Thursday, September 20, 2007


a Jesus thought...
A prophet is not without honour except in his own country and in his own house. (Matthew 13:57)

a Godly thought...
We believe that churches that fail to reproduce organically actually fail the intention of the gospel implicit in the very gospel itself. (p216 Frost & Hirsch)

a leading thought...
All of us can consciously decide to leave behind a life of mediocrity and to live a life of greatness - at home, at work and in the community. (p29 Covey)

a Dave thought...
When unchurched Australian men were surveyed about church, they discovered that the two things they hate doing - singing feminine songs and listening to long boring talks made up 90% of the services they attended. Currently in Australia we have far more women now over 65% in our churches compared to men. As we have shifted from the industrial age to the knowledge work age (as Covey defines) the church has failed to move with these times. I believe we still value the body more than the mind. We measure and value attendance and a person being present not their thinking, creativity and ability to ask questions which should shape the church itself.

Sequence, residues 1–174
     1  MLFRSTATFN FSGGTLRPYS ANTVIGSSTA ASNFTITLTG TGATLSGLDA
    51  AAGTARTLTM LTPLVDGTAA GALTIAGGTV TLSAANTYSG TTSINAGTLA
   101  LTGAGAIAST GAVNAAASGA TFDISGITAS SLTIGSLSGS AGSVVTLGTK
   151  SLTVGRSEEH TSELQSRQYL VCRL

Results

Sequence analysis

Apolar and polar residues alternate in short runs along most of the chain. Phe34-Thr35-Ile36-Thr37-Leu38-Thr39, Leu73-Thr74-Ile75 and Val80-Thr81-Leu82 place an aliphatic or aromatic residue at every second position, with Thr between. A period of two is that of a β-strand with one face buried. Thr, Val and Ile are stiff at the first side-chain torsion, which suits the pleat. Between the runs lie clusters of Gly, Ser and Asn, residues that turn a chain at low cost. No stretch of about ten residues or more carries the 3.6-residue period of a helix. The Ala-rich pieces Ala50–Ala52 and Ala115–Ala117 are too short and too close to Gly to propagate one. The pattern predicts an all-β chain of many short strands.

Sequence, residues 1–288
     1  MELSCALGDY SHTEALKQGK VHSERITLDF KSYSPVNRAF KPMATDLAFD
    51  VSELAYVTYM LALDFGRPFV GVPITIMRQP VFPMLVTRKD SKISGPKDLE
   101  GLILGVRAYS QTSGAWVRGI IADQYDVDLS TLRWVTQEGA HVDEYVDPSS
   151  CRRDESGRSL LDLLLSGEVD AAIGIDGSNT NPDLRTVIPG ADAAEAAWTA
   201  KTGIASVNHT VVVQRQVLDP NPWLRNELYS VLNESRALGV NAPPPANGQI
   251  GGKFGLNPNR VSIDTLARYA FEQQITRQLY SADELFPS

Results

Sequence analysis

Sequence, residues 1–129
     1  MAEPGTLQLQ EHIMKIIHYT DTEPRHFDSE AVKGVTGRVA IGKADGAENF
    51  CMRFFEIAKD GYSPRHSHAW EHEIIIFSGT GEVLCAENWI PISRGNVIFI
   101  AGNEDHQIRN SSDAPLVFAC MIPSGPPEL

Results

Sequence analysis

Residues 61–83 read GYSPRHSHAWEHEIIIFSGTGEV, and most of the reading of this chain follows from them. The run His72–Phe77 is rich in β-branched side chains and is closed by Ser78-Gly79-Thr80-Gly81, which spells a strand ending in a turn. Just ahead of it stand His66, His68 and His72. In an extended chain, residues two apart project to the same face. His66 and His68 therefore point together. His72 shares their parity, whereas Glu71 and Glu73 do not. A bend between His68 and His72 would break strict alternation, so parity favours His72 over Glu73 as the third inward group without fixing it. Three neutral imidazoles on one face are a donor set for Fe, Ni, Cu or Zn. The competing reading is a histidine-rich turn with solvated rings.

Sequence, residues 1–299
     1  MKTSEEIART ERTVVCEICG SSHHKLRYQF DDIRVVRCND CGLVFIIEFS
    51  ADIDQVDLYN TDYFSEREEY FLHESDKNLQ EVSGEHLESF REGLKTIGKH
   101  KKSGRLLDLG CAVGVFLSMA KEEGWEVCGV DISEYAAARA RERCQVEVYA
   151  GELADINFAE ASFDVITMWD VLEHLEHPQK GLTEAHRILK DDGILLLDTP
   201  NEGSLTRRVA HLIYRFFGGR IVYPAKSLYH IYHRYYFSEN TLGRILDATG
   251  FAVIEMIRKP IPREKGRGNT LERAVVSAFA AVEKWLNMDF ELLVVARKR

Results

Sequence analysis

Therefore most people who attend our services are not really taught how to think but rather are bodies who are acknowledged when they turn up but their minds are not engaged or questioned.
So as we end up with a smaller but more obedient church, we continue to value our songs, talks and bums on seats, but maybe the minds who will create the future have left us?

Just a thought.


Andrew Short said...

Great thought Dave...
This morning the Lord led me to Ephesians 1:17-20
I keep asking that the God of our Lord Jesus Christ, the glorious Father, may give you the Spirit of wisdom and revelation, so that you may know him better. I pray also that the eyes of your heart may be enlightened in order that you may know the hope to which he has called you, the riches of his glorious inheritance in the saints, and his incomparably great power for us who believe. That power is like the working of his mighty strength, which he exerted in Christ when he raised him from the dead and seated him at his right hand in the heavenly realms,

and may our church again see the mighty strength of his power as a result.